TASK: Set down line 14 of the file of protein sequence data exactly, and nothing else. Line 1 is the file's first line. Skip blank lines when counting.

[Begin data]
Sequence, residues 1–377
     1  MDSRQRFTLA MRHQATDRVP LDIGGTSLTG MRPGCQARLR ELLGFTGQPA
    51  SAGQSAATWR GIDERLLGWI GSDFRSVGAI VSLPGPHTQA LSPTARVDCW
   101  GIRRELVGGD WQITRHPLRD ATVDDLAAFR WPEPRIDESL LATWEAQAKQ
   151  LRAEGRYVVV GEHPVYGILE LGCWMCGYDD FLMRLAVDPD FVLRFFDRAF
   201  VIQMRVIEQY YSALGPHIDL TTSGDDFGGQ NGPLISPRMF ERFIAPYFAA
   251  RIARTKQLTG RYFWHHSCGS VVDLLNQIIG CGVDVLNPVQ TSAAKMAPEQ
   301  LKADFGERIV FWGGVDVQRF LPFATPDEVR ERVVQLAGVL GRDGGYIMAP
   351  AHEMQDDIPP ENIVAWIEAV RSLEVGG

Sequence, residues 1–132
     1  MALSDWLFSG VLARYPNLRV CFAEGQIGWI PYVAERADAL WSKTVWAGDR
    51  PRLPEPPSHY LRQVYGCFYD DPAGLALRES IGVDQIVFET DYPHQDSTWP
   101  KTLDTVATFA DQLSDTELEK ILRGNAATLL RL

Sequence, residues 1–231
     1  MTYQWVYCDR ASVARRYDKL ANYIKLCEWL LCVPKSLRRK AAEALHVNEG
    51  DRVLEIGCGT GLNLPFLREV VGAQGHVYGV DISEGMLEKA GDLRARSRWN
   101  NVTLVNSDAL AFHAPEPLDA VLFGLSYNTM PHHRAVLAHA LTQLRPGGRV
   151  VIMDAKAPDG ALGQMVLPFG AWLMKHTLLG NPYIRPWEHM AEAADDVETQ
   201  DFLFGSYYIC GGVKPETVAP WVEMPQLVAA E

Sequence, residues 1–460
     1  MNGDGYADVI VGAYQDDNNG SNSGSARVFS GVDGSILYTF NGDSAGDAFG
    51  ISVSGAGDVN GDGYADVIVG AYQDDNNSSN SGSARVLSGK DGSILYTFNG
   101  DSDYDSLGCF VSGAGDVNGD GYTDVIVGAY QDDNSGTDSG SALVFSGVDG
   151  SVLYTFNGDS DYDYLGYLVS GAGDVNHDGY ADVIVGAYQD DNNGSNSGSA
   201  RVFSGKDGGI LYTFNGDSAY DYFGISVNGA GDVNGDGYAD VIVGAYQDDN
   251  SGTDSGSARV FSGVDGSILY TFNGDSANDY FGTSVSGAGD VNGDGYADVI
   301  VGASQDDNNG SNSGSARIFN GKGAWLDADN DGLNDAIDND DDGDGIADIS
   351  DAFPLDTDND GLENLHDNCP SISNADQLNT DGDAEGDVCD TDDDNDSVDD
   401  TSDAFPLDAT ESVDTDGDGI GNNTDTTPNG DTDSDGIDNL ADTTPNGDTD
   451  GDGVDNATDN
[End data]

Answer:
Sequence, residues 1–231